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December 2, 2008

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Power firm failed to act in time over lethal fallen cable

A power company was warned but did nothing about a fallen, live electric cable two hours before a member of the public was electrocuted by it.

Professor Roland Levinsky, 63, a previous vice-chancellor of Plymouth University, had been walking his dog across a field at Wembury, near Plymouth, on New Year’s Day 2007 when he came into contact with the 11,000-volt power cable. It had been brought down in a gale the night before and was resting on a hedge.

Plymouth Crown Court heard that the cable was attached to an almost completely rotten pole (pictured) that had been blown over in strong wind. The lines had not snapped, or come into contact with each other, and so had not tripped and consequently were still live.

Western Power Distribution, of Bristol, had been warned more than two hours previously about the dangerous cable, but call-centre staff had logged the alerts as ‘miscellaneous’, and hence given them low priority.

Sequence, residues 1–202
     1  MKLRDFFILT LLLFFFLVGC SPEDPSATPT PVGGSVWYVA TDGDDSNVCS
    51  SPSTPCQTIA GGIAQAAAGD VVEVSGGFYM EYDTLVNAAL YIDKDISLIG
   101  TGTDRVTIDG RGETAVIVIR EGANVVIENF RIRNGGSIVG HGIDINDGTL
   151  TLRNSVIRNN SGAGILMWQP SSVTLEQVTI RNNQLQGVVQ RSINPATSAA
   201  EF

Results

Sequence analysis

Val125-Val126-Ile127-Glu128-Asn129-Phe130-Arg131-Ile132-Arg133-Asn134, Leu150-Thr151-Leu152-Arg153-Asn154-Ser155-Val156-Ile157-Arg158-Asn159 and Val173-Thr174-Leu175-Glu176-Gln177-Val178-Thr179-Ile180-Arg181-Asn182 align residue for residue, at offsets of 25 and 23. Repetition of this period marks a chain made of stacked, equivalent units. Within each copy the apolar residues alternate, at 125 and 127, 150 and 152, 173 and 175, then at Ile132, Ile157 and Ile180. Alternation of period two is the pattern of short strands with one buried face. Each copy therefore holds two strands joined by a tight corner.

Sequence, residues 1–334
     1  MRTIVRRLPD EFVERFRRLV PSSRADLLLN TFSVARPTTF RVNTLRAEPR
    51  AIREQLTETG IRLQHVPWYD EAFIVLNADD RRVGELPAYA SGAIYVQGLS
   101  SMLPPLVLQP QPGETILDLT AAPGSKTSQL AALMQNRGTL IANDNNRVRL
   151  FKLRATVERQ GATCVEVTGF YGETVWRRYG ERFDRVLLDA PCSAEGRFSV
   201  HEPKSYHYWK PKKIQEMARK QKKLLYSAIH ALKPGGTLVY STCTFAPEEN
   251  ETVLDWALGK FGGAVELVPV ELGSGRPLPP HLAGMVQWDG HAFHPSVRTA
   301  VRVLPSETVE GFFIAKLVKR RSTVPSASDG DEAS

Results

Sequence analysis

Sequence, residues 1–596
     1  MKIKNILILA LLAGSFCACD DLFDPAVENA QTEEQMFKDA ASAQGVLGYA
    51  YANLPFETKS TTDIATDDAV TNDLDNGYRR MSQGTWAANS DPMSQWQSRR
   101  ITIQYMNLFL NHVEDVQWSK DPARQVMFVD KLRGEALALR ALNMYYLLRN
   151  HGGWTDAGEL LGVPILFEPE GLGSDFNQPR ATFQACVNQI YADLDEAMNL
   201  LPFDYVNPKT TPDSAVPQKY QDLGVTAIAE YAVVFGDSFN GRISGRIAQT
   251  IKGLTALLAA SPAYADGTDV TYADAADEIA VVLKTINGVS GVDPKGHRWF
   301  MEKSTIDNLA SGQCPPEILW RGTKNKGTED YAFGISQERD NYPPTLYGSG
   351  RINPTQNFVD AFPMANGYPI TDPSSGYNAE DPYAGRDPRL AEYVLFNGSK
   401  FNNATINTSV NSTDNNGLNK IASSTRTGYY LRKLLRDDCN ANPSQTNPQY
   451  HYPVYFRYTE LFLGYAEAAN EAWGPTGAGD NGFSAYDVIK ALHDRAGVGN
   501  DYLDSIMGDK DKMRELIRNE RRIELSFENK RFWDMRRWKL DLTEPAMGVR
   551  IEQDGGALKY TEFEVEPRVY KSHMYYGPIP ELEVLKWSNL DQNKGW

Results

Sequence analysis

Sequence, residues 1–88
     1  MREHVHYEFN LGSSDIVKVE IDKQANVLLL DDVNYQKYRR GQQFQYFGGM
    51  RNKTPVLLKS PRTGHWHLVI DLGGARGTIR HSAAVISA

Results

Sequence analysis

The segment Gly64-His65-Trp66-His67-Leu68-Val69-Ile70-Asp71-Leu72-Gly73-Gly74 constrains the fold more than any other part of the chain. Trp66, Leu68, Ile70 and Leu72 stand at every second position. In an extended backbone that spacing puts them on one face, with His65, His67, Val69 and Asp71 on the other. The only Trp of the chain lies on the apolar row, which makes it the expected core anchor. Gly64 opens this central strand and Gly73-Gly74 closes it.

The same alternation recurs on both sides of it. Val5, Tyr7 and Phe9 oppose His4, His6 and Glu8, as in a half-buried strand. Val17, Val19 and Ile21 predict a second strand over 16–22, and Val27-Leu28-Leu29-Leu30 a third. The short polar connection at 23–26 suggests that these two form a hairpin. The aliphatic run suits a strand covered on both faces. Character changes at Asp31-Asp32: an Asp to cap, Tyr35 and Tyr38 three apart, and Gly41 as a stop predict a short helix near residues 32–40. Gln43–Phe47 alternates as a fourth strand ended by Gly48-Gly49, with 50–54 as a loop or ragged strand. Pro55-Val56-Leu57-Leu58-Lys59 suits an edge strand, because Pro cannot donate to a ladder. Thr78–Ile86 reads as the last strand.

The company was fined £200,000 and ordered to pay full costs of £72,695 on 27 November, after it pleaded guilty to breaching s3(1) of HSWA by failing to ensure the safety of the public.

In its defence it offered its early guilty plea and previous good safety record, and said it had since taken steps to remedy deficiencies identified as a result of the HSE investigation.

Steve Woods, the HSE inspector who investigated the case, told SHP the pole had been erected in 1948 and had not been checked since 1998. He commented: “When it comes to ensuring that no one is exposed to unnecessary risks, all employers have a duty of care towards members of the public as well as to their own employees. “

He concluded: “Clearly, in this case, the company should have heeded the warnings that its cables were unsafe after the recent bad weather, and its failure to do so resulted in the tragic death of Professor Levinsky.”

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